It’s wise to tie the crunch time situation I just described to visualization or mental rehearsal. In addition to having your team practice the skills and plays they need to master to win games, it will also be useful if you encourage them to “see and feel” themselves hitting the game winning shot or scoring the decisive run or goal. What does it look and feel like? What words of encouragement will they hear from their teammates or noise from the crowd? It’s important to conjure up being put in a variety of situations they may face and then successfully executing.
Key point: there are really just two ways to train – below the neck or between the ears. Due to COVID-19 shutting down the rest of every sport’s college season, the former is more difficult than ever before, particularly in a group setting. Heck, NBA MVP Giannis Antetokounmpo recently revealed to ESPN that he can’t even shoot by himself right now as he doesn’t have access to a hoop. But he can still play basketball in his head.
The great thing about mental skills training is that it’s not dependent on being able to access certain equipment or gather with teammates and coaches. In this sense, mindset work is a truly portable practice that your players can hone anywhere, anytime – especially now while stuck at home. Even though they can’t pitch, hit, or field, they should practice visualization to stay sharp and gain a competitive edge when competition resumes by vividly imagining what it looks and feels like to perform all of their sports-specific movement patterns with precision.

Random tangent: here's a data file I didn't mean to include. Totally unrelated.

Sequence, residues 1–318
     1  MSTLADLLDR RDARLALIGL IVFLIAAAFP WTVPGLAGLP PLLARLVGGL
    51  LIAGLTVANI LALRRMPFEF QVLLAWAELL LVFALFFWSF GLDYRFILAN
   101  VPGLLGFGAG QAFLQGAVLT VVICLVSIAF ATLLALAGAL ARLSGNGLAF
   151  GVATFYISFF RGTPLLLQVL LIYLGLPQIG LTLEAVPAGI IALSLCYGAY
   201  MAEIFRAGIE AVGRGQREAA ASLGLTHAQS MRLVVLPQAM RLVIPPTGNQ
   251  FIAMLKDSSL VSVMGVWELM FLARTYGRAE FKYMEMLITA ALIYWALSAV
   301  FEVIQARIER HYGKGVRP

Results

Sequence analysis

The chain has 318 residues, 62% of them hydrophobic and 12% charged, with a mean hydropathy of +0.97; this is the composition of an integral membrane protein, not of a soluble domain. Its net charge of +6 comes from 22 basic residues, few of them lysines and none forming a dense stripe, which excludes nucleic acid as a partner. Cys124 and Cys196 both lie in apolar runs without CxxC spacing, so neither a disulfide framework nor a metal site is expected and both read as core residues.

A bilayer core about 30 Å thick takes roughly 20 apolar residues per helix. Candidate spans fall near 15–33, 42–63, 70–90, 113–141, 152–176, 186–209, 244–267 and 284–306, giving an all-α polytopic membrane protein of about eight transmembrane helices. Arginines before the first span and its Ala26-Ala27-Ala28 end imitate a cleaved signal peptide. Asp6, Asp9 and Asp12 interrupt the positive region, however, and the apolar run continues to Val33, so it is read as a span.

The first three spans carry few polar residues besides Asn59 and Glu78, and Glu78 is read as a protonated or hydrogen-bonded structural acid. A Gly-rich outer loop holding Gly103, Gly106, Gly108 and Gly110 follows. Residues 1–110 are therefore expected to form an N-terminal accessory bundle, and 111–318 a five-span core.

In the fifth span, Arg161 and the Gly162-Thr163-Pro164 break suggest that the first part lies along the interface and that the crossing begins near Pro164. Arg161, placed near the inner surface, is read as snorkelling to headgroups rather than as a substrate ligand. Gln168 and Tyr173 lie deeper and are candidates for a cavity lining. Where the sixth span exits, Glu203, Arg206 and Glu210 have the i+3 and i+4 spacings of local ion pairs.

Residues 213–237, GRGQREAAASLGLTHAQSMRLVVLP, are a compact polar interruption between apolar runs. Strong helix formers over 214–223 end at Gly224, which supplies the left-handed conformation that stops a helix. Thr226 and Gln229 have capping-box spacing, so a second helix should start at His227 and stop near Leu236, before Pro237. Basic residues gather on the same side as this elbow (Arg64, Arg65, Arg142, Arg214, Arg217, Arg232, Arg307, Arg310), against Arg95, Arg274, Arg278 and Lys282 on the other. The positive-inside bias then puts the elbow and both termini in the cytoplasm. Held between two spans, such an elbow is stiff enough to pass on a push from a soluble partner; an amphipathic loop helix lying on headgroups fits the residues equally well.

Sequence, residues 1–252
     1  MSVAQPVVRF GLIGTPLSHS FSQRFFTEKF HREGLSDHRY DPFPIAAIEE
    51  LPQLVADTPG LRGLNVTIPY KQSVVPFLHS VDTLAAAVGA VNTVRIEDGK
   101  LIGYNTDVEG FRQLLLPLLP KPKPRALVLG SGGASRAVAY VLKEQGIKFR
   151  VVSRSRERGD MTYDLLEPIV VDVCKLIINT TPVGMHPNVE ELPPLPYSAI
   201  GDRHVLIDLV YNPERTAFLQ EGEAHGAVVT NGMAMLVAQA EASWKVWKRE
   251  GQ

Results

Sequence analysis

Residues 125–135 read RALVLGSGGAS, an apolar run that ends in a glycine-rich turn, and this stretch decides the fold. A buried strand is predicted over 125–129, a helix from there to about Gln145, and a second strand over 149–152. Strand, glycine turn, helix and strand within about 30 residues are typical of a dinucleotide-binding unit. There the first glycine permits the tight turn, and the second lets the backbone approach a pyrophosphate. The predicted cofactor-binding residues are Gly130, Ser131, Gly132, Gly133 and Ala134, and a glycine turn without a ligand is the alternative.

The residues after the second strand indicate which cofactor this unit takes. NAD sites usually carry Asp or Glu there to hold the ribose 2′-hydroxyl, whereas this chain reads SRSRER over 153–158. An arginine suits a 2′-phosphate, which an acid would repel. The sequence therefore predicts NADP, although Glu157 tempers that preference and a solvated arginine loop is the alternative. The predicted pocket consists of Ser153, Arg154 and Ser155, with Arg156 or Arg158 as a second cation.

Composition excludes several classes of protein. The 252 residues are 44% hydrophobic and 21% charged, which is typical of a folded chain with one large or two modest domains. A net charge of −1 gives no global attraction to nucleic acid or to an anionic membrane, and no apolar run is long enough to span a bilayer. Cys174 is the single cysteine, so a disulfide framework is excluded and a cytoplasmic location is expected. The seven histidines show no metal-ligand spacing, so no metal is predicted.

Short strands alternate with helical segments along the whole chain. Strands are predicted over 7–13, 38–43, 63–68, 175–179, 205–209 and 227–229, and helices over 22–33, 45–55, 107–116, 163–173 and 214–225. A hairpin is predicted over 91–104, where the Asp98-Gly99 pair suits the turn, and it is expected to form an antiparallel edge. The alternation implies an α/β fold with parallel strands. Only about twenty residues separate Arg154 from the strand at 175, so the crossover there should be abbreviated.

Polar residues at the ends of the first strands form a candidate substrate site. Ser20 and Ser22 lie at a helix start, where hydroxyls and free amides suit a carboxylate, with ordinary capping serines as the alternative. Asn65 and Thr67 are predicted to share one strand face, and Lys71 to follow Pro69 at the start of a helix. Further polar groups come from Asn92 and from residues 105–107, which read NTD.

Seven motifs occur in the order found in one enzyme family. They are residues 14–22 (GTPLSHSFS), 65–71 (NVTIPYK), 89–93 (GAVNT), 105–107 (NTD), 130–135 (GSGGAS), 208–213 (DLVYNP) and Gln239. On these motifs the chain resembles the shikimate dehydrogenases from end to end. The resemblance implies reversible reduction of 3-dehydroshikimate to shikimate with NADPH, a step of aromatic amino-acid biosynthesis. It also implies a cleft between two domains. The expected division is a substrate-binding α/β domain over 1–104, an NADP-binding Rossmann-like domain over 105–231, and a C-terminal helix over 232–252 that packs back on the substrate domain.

Self-talk is another crucial mental skill. Relating this to what I just shared above about visualization, ask your players to rehearse what they’ll say to themselves immediately before a game, during the action, and when they’re called on to deliver the dagger. Maybe it’s as simple as telling themselves, “Confidence, you’ve got this,” or perhaps they’d choose to repeat a meaningful phrase or mantra that has always made them feel confident and capable. For example, three-time Olympic sand volleyball gold medalist Kerri Walsh Jennings likes to tell herself, “Breathe, believe, and battle.”
How can I get my players to buy into mental skills training?